Solved Auto-Update a Unique Code in a row (1 Viewer)

IbrBadri

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Hi,
Can you help me?

I have main form and sub form "one-to-many" in the sub form have three key fields:-
Code1 reading from the main form "Index Duplicate Ok". 12Digits "123-456-789-012"
Code2 Field "Index Duplicate Ok" 3Digits "000". If code1 changed then can use the same code2 again.
Code3 "Index No Duplicate" contain the Code1 & Code2 to be a unique code3 automatically. 15 digits "123-456-789-012-345"

I am using "default value" = Code1 & Code2 in the "Property Sheet\Data" of my Sub-Form to fill the Code3 in a unique field automatically without enable editing to it.

However, sometimes, the Code2 in the Sub-Form changed, and need the unique Code3 to change accordingly in the same row.

Can you give me a sample of command to use in macro or visual basic?

Thanks in advance for your time to help.
 

theDBguy

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Hi. Since Code3 is merely a combination of Code1 and Code2, then you don't need a Field for Code3. You simply use the same formula in a query to display Code3, and it will always be correct (no need to update it when Code2 changes).
 

IbrBadri

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Hi. Since Code3 is merely a combination of Code1 and Code2, then you don't need a Field for Code3. You simply use the same formula in a query to display Code3, and it will always be correct (no need to update it when Code2 changes).
Thanks for replay,

But I need this code as a unique key in the table, NO DUPLICATE, or not just unbound field. that is because this code3 the same procedure shall be applied for the Code4 in another sub form with 18Digits.
 

theDBguy

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Thanks for replay,

But I need this code as a unique key in the table, NO DUPLICATE, or not just unbound field. that is because this code3 the same procedure shall be applied for the Code4 in another sub form with 18Digits.
You can still create a unique key based on two fields. Try searching on multi-field unique index.
 

IbrBadri

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You can still create a unique key based on two fields. Try searching on multi-field unique index.
Thanks a lot.
I searched for it and found the attached below text, but not solved my problem, because I already used the multi-field unique index (see the pic below).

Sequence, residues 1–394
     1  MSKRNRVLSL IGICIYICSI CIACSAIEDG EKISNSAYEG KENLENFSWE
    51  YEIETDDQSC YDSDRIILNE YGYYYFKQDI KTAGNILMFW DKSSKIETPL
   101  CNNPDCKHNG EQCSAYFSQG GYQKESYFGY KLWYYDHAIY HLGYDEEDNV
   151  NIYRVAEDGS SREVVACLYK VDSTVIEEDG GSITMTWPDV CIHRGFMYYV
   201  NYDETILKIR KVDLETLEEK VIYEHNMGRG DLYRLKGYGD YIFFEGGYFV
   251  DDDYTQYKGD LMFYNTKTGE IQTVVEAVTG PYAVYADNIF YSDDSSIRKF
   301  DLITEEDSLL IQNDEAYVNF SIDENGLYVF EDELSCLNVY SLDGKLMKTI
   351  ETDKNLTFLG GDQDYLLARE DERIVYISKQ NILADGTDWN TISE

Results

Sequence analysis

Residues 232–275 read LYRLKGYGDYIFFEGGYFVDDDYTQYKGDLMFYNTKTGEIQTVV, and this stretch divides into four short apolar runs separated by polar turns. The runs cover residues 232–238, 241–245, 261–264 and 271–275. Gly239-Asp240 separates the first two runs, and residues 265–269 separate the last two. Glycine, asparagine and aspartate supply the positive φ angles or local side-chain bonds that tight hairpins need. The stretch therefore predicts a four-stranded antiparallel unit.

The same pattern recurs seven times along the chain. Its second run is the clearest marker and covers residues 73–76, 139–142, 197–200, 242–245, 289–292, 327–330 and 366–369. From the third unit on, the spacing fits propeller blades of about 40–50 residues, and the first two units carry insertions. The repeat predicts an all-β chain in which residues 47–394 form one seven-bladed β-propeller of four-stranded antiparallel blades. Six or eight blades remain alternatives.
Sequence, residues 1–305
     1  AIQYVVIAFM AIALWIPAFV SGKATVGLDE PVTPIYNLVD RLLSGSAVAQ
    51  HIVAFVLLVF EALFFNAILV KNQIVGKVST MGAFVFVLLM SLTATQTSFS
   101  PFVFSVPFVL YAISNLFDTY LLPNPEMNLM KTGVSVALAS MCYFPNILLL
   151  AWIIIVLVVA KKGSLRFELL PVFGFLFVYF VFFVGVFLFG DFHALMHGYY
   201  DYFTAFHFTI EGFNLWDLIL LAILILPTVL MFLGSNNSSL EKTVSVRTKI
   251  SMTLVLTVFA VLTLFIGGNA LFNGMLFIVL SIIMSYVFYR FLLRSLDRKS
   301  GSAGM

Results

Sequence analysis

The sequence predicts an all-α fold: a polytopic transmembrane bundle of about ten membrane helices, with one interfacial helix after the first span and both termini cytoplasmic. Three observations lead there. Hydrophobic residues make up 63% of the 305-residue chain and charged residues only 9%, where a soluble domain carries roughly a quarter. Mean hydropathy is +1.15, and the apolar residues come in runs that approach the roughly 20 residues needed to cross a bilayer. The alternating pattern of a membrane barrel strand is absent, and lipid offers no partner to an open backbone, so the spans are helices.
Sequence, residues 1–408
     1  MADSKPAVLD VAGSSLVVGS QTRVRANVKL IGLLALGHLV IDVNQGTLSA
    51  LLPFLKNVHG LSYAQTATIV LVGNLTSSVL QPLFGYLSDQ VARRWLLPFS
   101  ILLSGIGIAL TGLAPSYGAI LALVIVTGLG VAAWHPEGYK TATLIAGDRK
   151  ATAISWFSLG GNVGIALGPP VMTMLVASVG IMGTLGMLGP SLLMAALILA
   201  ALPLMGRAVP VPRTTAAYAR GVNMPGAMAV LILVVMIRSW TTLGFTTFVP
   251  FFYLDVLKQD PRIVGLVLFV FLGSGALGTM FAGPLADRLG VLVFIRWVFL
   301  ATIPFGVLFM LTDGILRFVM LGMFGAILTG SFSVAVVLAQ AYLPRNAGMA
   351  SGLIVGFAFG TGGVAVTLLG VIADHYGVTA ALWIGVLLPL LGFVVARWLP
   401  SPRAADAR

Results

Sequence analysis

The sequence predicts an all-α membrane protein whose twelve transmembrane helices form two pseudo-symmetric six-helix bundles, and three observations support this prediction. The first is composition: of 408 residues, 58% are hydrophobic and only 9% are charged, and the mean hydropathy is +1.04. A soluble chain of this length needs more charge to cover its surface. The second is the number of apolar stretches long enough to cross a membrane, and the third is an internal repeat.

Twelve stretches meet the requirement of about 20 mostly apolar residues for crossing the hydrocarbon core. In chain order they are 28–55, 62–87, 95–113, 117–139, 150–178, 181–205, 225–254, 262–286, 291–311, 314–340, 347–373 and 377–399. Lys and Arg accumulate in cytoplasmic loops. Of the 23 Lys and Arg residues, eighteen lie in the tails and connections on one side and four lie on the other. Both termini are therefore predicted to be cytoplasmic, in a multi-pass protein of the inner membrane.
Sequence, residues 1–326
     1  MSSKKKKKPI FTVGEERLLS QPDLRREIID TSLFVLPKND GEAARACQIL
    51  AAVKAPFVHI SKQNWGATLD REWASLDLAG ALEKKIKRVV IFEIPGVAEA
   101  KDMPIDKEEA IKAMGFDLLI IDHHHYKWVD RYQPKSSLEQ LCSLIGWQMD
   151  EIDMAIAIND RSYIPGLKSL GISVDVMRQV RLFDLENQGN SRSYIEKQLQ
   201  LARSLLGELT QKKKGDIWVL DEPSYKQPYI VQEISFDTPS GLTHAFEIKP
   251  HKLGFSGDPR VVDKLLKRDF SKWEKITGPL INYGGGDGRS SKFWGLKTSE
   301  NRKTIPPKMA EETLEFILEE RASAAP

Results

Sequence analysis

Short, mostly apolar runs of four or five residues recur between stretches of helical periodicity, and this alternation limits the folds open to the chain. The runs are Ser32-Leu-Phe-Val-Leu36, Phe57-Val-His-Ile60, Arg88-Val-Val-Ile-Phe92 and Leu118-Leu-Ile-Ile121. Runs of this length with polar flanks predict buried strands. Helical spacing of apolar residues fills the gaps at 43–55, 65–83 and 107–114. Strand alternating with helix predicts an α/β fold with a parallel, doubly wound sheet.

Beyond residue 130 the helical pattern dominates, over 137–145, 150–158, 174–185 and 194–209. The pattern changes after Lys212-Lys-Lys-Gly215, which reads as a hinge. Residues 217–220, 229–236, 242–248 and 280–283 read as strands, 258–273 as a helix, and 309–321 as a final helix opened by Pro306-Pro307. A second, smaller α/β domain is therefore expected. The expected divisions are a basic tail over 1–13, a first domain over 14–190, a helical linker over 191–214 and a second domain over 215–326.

My problem is with "how to update the data code "already saved" when I change one of the two fields data?"

In this case my unique code is "LocationID" = [Square| & [PlotNo]
At the first data entry its works 100%, but lately if Square or PlotNo changed the LocationID not changed.

Please help.

Multi Field Unique Index.jpg
 

jdraw

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I recommend that you describe what you are trying to do in plain English (simple terms). Give us some context rather than some field names and coding that doesn't yet solve your requirement.
I would also recommend an autonumber primary key for Access's use.
If you need something for display and/or control, then design a composite unique index.
But first set up a description for users (and yourself) for reference. Once your description is clear, then build, test and adjust a model (on paper) to ensure it matches your needs. Then build the physical database based on your model/"blueprint".
Good luck with your project.
 

IbrBadri

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I recommend that you describe what you are trying to do in plain English (simple terms). Give us some context rather than some field names and coding that doesn't yet solve your requirement.
I would also recommend an autonumber primary key for Access's use.
If you need something for display and/or control, then design a composite unique index.
But first set up a description for users (and yourself) for reference. Once your description is clear, then build, test and adjust a model (on paper) to ensure it matches your needs. Then build the physical database based on your model/"blueprint".
Good luck with your project.
Ok,

After changed the old Sudan government (The thieves government), most of neighborhood communities are trying to serve their population to obtain the necessary services. which include a repeated data, and miss some information, so that, we build this database to organize the data and have correct information.
See the attached relationships.

AddressRelationships.jpg
Location link the plot number in the square with the location code on the map.
The Address code is from combination of location and flat.
Each family quantity in flat required services.
Each 3 digits in code have a meaning in separate table. (Auto number primary key will not help)

This database shall distribute for each communities, so they should have a unique address from combination code.

Hope that I explain my needs.
 

IbrBadri

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Test of Address Code.
in the 2nd. sub form,